IN: How many shows did you guys do at SXSW? Was that whirlwind of activity something you enjoyed or was it a lot to take in? BEDNARIK: We performed seven times at SXSW. It was a tight schedule but totally worth the effort. It was a fun time had by all and we met some great people. IN: What's it like seeing the band gain attention from reputable outlets like NPR? BEDNARIK: It's amazing, especially when you take into account the magnitude of the festival and the massive amounts of bands who participate. IN: What makes the band worth seeing and hearing? BEDNARIK: We bring a true rawness and energy every time we perform, whether recorded or live. {in}


I've got that boom boom / Ready for that Hangout Shake / Harlem meets the beach May 16, 2013


One Last Splash By Hana Frenette

the show had asked me to please get her autograph. So afterward, I went up to her and I said, ‘Would you mind signing this for a friend?’ and I kept thinking, I bet she thinks this is for me and I must just be too cool to ask for it for myself. It really was for my friend. She was very charming. We didn’t talk for too long. We had said, ‘I really enjoy your bass playing,’ and, ‘Oh, I really enjoy your bass playing too,’ to one another, and a few other things and that was it. Then I got a call for 4AD a few weeks later, saying that Kim wanted to do a side project, and wanted me to play bass. And I was kind of mystified. I was thinking, ‘Well why isn’t Kim playing bass?’ But apparently she wanted to play guitar. And of course I said yes.

The Breeders, touring band, 2013 / photo by Chris Glass What originally started as Kim Deal’s side project from the Pixies turned into one of the most important and iconic bands of the early ‘90s. After several lineup changes and the release of their first album, the Breeders consisted of Kim Deal, her twin sister Kelly Deal, Josephine Wiggs and Jim Macpherson. The band recorded the album “Last Splash” in 1993 on label 4AD and is now doing a reunion tour to celebrate the 20th anniversary of the record. Bassist Josephine Wiggs caught up with the IN to discuss love notes from fans and touring with Nirvana. IN: So it’s the 20th anniversary of “Lash Splash.” How did the idea to do the anniversary tour come up and what did you think of the idea when it first came around? WIGGS: My understanding is that it came up because 4AD, the record label Lash Splash is on, wanted to release it as a 20th anniversary package. They got in touch with Kim and Kelly and were trying to see about playing some shows. Kim sent me a text, saying they were thinking about doing a tour and wanting to see what I thought—and literally as soon as I saw it, I got so excited. And I just said that I’d love to do it. IN: What was it like to get back together with all these people you played with and spent so much time with before? WIGGS: It was a lot of fun just to be hanging out with them as people. Just being in the same room, playing in the same room. Last September we were together, and we thought, ‘Let’s call up Jim and see if he wants to come over.’ I’d only seen him once in 20 years. The last time was in the late ‘90s and we were just passing through New York. He came over, and it was just such a pleasure. He was exactly the same.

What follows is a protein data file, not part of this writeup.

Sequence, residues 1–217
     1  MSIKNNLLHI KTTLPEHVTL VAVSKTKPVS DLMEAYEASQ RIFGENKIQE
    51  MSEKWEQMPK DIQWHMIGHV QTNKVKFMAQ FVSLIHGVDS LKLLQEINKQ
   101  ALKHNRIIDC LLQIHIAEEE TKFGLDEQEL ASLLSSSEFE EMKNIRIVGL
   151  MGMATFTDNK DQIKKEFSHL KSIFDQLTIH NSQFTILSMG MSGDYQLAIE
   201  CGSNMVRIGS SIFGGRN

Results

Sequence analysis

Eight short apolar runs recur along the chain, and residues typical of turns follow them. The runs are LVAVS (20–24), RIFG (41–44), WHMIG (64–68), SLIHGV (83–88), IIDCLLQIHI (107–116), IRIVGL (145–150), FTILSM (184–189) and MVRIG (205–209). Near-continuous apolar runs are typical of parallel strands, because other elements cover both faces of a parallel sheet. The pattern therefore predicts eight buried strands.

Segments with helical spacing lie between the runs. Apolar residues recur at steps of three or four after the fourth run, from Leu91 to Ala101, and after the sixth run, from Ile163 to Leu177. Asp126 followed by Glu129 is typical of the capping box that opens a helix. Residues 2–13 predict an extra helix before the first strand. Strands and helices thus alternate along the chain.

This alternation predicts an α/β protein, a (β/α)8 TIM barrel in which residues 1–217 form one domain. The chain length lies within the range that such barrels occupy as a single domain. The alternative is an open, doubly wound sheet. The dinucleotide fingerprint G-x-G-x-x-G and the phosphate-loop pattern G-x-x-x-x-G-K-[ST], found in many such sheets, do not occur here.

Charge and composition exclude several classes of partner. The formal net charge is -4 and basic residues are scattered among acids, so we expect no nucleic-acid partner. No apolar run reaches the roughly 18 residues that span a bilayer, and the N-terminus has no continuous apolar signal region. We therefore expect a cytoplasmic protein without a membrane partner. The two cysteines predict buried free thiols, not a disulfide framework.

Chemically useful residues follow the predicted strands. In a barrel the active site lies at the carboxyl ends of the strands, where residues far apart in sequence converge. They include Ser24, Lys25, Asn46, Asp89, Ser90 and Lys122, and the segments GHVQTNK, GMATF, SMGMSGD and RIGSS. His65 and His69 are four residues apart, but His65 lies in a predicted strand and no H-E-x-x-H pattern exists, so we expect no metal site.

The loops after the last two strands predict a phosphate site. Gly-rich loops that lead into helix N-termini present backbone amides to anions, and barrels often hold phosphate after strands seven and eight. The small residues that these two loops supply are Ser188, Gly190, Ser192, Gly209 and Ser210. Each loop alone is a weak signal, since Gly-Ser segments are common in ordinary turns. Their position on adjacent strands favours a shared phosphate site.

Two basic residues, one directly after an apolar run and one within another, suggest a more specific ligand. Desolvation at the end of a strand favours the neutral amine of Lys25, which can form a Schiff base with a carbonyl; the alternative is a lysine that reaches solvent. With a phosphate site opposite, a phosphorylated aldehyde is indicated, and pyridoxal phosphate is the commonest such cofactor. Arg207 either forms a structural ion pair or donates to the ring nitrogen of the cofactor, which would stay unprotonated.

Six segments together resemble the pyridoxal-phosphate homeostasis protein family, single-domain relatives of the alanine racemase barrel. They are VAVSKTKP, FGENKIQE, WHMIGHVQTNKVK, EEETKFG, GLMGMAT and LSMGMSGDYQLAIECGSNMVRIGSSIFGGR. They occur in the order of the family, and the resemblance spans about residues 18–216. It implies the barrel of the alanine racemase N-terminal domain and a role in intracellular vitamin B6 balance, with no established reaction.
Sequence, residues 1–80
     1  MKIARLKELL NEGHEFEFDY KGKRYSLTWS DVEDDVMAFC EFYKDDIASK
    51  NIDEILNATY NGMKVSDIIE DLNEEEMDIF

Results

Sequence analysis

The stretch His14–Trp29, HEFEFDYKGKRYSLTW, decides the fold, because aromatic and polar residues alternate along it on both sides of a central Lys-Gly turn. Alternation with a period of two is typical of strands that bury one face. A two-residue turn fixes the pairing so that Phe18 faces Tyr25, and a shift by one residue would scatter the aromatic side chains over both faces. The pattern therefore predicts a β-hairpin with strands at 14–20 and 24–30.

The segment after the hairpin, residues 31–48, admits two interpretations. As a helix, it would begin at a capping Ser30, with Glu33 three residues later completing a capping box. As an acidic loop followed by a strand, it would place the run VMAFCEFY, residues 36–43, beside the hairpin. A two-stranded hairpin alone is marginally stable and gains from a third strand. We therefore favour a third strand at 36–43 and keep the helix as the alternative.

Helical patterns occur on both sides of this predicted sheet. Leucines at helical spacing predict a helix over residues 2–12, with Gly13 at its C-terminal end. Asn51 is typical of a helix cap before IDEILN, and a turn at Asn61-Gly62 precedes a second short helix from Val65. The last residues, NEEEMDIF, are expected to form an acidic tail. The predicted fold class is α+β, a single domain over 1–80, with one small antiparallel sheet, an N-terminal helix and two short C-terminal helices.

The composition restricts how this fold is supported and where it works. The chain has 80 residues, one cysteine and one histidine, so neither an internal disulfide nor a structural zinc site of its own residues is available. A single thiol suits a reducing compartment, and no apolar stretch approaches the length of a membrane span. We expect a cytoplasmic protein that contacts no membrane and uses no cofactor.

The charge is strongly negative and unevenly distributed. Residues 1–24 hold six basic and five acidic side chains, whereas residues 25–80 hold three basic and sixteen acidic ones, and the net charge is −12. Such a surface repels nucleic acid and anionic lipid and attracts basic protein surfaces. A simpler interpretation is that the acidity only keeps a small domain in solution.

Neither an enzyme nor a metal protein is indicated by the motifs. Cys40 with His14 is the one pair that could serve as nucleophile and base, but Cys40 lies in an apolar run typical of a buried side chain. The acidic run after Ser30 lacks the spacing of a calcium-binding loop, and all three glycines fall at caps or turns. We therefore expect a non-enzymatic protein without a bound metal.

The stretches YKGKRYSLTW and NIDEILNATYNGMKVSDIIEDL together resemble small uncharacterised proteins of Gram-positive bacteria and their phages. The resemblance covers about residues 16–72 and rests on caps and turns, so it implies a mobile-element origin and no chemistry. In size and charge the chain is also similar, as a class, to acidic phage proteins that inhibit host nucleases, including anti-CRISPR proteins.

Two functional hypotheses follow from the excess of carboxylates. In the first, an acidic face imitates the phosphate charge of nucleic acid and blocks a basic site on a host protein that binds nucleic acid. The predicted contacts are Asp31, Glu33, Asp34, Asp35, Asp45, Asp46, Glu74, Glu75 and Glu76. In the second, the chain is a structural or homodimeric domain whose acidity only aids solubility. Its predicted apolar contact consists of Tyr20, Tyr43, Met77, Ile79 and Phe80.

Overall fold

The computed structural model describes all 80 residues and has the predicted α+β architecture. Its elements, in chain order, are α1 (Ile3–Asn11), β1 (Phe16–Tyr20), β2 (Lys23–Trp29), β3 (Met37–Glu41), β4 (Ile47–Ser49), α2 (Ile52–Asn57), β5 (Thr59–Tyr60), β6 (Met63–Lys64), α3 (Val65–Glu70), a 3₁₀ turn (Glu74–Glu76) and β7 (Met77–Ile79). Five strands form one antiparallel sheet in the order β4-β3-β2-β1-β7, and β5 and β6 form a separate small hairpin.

IN: Did it take awhile for everything to fit back into place with the practicing and playing? WIGGS: Actually, when we played together recently, it was actually kind of magical to be in a room with everybody playing those parts. It was as though no time had passed. IN: The bass rift opening of “Cannonball” has become quite iconic. What were you thinking about when you played it for the first time and had you been anticipating that sound? WIGGS: We were in rehearsals in San Francisco in pre-production. During the rehearsals, it’d been a few months since I’d played and I’d become a little bit rusty. I was basically playing the wrong note. I didn’t realize I was playing it wrong until Kim and Kelly’s parts came in and I quickly adjusted. The rift had set up this false expectation; it creates a moment of tension because of that. And they all liked it, so we decided to keep it. IN: The Breeders toured with Nirvana on their In Utero Tour. What do you remember most about that time? WIGGS: The thing I remember most about it was that it was very intense. The audience was just always at a fever pitch. There was a real kind of electricity at the shows. Everyone was just so excited and out of their minds—on substances or otherwise—night after night. The early ‘90s kind of played a huge part in music, literally, like it was time out. People really got into it back then. People are too cool to emote like they used to. IN: I saw in the LSXX booklet that they are releasing with the album for the anniversary that there are several excerpts from your tour diary. Did you always keep a tour diary?